Getting From XML to MSDN-style Documentation
With the basic theory and the tags you'll need under your belt, you can now explore the tools to produce professional-looking documentation from your C# source code. As an example, Listing 1
shows a simple class documented with the XML tags shown in Table 1.
You can see that the XML tags reside within the triple-slash (///
) comment blocks. Note that if you're using Visual Studio .NET, as soon as you type ///
in front of a method or type, IntelliSense inserts the appropriate tagswell, really the most common. For example, here's what IntelliSense inserts when you type a triple-slash in front of the MyMethod
/// <param name="str"></param>
Note that Visual Studio inserts only the minimal
XML tags needed to document the method. That is, you should provide at least a description of the method (inside the
tag), a description of the method parameter (inside the
tag) and what the method returns (inside the
tag). Of course, you're free to insert other XML tags, such as <code>
, and so on. In fact, as Listing 1
shows, you can add other XML tags to enrich the resulting documentation.
That completes step 1 of the three main steps. The next step is to extract the XML comments to a file. If you're using Visual Studio .NET, there's an automated way to extract the XML comments to a file. First, create a new Console Application project, using the code in Listing 1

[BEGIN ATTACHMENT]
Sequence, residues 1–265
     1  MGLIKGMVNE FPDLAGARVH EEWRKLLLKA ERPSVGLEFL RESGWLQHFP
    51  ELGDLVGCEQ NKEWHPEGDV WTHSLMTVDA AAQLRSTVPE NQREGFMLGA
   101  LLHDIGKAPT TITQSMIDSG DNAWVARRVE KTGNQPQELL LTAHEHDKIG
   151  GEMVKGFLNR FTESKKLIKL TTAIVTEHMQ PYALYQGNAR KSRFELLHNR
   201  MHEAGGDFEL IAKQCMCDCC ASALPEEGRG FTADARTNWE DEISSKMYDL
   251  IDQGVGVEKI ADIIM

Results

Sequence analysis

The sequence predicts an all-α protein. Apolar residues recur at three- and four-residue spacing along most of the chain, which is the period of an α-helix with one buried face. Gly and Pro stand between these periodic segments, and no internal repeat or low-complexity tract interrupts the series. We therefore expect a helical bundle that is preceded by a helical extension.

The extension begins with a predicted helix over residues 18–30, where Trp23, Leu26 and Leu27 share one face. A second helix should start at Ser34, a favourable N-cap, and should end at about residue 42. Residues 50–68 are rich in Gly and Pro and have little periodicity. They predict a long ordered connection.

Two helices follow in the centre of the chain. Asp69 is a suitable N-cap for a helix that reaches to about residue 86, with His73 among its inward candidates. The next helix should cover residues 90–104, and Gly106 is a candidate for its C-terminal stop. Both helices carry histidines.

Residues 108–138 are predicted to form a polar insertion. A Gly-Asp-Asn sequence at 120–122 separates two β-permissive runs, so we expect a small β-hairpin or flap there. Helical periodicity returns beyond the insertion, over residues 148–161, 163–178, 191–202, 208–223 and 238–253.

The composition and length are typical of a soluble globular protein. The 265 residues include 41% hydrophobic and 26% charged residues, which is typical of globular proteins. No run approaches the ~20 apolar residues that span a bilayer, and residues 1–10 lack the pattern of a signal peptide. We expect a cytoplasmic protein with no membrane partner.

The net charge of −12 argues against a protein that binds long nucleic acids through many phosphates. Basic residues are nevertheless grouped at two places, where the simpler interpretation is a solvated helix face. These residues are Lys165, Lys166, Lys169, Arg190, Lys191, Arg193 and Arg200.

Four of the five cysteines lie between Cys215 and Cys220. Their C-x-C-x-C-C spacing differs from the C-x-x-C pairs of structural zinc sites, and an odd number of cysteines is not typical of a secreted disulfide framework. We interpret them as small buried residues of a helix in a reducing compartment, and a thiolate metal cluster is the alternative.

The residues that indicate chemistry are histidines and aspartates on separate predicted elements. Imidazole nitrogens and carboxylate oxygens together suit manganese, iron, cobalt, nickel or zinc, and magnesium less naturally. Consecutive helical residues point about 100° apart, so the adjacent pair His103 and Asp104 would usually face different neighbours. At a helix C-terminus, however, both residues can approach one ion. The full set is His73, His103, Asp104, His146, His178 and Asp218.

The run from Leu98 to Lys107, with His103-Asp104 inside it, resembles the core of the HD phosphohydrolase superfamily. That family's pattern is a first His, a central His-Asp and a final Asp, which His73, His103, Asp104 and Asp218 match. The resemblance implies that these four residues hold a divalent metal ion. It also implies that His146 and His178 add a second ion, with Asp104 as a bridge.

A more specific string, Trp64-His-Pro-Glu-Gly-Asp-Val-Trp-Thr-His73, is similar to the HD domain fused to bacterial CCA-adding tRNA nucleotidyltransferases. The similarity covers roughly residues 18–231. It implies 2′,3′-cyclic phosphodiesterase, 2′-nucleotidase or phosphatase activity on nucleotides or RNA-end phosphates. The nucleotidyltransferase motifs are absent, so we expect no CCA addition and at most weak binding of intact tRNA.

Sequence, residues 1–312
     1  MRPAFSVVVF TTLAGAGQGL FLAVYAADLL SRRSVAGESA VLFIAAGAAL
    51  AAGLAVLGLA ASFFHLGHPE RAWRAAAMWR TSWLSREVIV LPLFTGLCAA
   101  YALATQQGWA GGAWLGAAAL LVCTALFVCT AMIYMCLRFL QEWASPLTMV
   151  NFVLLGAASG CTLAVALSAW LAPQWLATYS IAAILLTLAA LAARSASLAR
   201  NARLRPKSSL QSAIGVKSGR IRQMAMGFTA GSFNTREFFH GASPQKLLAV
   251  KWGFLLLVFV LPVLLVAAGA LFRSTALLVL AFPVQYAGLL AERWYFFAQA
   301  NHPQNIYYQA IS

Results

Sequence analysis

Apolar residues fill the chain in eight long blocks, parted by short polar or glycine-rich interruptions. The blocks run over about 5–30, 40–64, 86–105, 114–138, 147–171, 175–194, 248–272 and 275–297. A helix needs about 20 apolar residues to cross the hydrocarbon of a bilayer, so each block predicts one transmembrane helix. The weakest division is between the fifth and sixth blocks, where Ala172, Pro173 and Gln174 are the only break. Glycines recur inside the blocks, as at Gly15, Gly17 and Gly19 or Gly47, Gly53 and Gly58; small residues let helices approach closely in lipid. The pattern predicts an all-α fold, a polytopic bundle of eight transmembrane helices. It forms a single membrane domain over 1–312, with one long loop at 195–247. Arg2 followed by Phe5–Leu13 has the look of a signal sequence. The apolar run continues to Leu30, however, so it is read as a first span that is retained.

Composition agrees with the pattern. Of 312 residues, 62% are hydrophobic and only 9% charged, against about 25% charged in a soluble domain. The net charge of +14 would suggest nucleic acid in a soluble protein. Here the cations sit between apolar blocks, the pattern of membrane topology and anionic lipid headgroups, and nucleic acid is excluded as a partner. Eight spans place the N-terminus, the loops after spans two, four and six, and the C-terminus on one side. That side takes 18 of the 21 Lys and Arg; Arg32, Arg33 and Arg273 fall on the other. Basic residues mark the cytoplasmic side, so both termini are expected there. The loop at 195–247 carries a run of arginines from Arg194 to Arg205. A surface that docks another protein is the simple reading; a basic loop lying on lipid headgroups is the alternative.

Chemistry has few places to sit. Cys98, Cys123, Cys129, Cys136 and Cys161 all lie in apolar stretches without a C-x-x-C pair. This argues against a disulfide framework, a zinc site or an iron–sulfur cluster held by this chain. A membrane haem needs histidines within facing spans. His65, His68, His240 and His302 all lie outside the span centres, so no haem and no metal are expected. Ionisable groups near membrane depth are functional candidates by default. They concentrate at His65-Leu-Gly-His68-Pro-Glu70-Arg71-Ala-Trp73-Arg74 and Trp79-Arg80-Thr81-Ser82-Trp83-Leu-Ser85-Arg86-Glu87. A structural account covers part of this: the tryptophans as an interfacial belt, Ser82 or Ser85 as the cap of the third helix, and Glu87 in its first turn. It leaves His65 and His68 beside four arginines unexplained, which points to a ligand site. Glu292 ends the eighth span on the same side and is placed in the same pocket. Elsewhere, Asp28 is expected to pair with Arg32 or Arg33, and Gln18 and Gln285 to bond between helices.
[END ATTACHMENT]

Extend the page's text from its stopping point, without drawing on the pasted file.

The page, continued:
as the project's main class. To extract the XML tags to a file, follow these steps:
- Right click on the project in Solution Explorer and select Properties.
- Click on Configuration Properties and then select Build.
|Figure 2. Extracting XML Documentation: In Visual Studio, extracting XML comments requires only a few clicks and a file name entry.|
- Enter a name in the XML Documentation File field and click OK.
- Build the project by clicking on Build and selecting Build Solution.
shows the process, using the name DevXDocumentation.xml
for the file.
Notice that, by default, Visual Studio will save the XML file in the same folder as the assembly file created when you built the solution. In other words, if you accept the defaults, you'll find both the assembly and the XML file in the bin\Debug\
directory of your project. Listing 2
shows the extracted XML file.
In Listing 2
, you can see that VS .NET adds some tags and structure when it extracts the XML. Although you don't really need to care about VS .NET's additions to produce your professional documentation, it's not difficult to figure out what they mean. For example, in the attribute name of the element in Listing 2, M: stands for method and T: for type. If you're curious about the formatting details, you can refer to this XML Documentation Tutorial for further information.